IGNALINA NUCLEAR POWER PLANT, LITHUANIA (Reuters) - The success of a U.S. television series on the 1986 Chernobyl nuclear disaster has made its filming locations in Lithuania an off-beat tourist attraction, but has also renewed the anger and helplessness felt by many of the Lithuanians forced to clean up the contamination.
The Soviet leadership sent an estimated 7,000 Lithuanians, all but 100 of them male, to Chernobyl in the months and years after the disaster. Many were forced against their will.
There they joined others from across the Soviet Union to work on the clean-up without sufficient protection or medication for their exposure to the high levels of radiation. Many now suffer from illnesses and health problems as a result.
Lithuania, then part of the Soviet Union, was 450 kilometres from Chernobyl, in Ukraine, also then a Soviet republic.
Kestutis Kazlauskas, 61, was a 28-year-old conscript who spent 105 days in a camp 30 kilometres from Chernobyl, helping build a dam for filtering out radiation from a river.
“We felt as if we are going to war,” he said. “We went to die there, and were almost surprised to come back alive.”
The TV series and its critical acclaim are a painful reminder how the Soviet and later Lithuanian governments paid little attention to the workers, former rescuers say.
The workers were issued faulty radiation gauges to track exposure, Kazlauskas said. Many drank local moonshine to relieve stress, despite reports it was produced with radioactive water.
“My main health problems were, immediately, the thyroid gland, high blood pressure and teeth falling out,” he said.
He has set up an organisation of former clean-up workers to lobby for more government support, such as early retirement.
While the state does provide some benefits if it can be proven that an illness stems from Chernobyl - the rescuers say it is almost impossible to prove.
Algiridas Simenas, 63, flew numerous times over the smouldering reactor in a helicopter to help douse the flames in the days immediately after the explosion.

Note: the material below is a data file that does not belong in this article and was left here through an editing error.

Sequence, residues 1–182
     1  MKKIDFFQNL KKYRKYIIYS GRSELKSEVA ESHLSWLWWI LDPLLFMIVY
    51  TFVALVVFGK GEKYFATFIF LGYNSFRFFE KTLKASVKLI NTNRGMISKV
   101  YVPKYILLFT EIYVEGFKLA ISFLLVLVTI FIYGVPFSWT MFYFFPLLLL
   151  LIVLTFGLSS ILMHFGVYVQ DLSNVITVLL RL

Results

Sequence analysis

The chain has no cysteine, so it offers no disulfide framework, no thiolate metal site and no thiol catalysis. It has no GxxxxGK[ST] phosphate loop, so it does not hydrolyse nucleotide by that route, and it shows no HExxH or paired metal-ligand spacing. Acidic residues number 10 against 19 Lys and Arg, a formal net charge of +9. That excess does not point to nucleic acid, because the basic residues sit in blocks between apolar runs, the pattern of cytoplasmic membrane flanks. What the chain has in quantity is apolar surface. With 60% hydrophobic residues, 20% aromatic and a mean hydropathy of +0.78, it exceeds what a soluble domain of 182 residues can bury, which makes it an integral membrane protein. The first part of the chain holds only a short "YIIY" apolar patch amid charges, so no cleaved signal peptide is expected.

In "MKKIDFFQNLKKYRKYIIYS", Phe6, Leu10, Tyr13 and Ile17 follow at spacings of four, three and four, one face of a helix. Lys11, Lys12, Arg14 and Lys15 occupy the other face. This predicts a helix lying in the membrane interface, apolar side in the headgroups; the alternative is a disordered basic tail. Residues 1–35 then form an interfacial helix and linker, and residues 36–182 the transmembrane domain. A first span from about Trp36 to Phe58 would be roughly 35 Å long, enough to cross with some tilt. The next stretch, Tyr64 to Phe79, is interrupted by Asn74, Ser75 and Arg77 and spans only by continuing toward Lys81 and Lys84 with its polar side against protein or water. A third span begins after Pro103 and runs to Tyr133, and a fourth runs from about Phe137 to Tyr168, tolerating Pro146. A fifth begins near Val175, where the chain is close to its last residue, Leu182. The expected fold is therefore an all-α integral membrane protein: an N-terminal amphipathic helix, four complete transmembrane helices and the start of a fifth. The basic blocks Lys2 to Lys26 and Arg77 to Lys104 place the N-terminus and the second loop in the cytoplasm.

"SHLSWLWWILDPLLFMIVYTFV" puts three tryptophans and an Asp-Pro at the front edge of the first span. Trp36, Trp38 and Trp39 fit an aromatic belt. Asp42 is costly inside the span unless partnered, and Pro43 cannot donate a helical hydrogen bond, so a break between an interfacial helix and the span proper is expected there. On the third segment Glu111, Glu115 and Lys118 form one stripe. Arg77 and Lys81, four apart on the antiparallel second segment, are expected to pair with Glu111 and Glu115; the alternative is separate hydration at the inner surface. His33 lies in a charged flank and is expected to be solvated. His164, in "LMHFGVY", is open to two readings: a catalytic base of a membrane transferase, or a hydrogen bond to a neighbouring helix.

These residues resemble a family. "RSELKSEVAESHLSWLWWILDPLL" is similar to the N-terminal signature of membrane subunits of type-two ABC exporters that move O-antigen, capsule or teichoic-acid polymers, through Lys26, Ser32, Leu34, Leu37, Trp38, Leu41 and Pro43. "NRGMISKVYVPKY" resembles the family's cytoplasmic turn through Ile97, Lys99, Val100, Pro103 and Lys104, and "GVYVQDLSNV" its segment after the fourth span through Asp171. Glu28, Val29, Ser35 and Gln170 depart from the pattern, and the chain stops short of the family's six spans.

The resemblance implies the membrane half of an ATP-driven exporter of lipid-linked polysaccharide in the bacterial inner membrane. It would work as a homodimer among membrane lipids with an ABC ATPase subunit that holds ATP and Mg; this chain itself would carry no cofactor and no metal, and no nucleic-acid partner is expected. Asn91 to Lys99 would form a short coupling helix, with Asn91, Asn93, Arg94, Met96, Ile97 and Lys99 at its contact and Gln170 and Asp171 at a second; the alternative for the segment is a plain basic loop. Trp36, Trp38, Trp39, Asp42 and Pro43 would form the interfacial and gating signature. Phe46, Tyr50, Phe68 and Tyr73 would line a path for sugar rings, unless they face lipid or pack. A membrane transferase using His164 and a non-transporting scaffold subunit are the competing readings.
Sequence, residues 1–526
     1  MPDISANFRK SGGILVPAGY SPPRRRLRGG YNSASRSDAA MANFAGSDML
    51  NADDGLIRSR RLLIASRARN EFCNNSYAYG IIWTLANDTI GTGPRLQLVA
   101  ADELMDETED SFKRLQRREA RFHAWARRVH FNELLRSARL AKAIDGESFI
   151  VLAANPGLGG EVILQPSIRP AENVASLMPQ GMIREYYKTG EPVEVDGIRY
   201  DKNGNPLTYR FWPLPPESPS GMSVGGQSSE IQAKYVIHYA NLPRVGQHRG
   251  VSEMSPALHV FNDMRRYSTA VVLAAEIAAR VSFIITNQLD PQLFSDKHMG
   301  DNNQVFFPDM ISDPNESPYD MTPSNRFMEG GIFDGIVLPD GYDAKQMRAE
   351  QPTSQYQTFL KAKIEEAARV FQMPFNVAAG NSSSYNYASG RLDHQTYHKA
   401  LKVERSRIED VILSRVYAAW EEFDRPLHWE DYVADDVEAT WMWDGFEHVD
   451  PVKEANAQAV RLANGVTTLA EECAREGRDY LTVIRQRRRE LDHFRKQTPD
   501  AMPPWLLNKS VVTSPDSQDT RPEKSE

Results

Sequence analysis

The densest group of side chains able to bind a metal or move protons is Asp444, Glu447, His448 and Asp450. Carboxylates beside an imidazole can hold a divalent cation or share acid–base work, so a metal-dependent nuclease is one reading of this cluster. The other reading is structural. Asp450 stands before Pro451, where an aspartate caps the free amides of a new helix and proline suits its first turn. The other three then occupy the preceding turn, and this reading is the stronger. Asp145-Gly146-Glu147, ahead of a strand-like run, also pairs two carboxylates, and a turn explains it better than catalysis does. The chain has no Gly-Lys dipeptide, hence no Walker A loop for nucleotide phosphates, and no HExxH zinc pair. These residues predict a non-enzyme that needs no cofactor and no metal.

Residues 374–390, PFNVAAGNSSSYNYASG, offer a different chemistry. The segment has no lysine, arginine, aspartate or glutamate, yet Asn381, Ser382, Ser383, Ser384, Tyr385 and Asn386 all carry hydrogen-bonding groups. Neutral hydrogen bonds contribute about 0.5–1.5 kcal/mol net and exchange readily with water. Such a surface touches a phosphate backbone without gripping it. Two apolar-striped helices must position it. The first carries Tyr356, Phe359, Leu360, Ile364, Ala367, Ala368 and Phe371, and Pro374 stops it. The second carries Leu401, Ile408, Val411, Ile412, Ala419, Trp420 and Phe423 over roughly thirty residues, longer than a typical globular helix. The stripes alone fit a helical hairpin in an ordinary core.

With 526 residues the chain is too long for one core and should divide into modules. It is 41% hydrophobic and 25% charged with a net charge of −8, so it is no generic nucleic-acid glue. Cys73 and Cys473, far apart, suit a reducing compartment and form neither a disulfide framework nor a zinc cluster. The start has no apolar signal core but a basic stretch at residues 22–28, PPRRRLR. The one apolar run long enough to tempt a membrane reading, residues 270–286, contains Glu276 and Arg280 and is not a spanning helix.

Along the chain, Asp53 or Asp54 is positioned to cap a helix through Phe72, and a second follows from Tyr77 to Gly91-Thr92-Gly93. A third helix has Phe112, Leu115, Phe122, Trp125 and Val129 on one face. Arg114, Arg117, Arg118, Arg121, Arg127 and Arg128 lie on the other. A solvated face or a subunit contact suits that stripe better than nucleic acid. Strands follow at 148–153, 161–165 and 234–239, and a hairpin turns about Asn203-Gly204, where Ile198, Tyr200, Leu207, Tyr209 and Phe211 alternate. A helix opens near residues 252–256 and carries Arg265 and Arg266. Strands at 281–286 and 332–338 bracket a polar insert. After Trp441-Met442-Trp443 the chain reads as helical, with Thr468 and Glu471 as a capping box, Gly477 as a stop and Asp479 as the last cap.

“I am doing OK...but I don’t think it’s fair how the others are treated,” he said.
He received a hand-written note from Soviet leader Mikhail Gorbachev but suffered radiation-related heart problems which barred him from ever flying an aircraft or helicopter again.
“The publicity after the HBO series will not change anything for us,” said Pranas , 63, who worked on building a new town for former Chernobyl workers from 1987 to 1988.
“We don’t really expect much anymore”.
The mini-series, nominated for 19 Emmy awards on July 16, depicts the explosion’s aftermath: the vast clean-up operation and the inquiry into the disaster, caused by a botched safety test in the Chernobyl atomic plant that sent clouds of nuclear material across much of Europe.
Groups of foreign visitors can now tour the filming locations such as the Ignalina Power Plant, decommissioned almost a decade ago, which has a Chernobyl-type reactor and control rooms.
Its core remains highly radioactive and stands 7 metres below tourists’ feet, shielded by protective layers.
“When we walked on the nuclear reactor and she [the guide]explained what we were actually standing on, I got a little bit of an uncomfortable feeling,” said 32-year-old British tourist Tom Slaytor, wearing a plant-issued white overall and boots and a blue safety helmet.
Everyone is checked for contamination on exit.
Since the series aired, tours have become fully booked until January 2020, and the plant is working to double visitor capacity to cope with the demand from Europe and beyond.
Tours also take place in Fabijoniskes, a district of Vilnius where scenes set in the town of Pripyat, which housed Chernobyl workers and later fell within the exclusion zone, were filmed.
Reporting By Andrius Sytas, Editing by Michael Kahn and Alexandra Hudson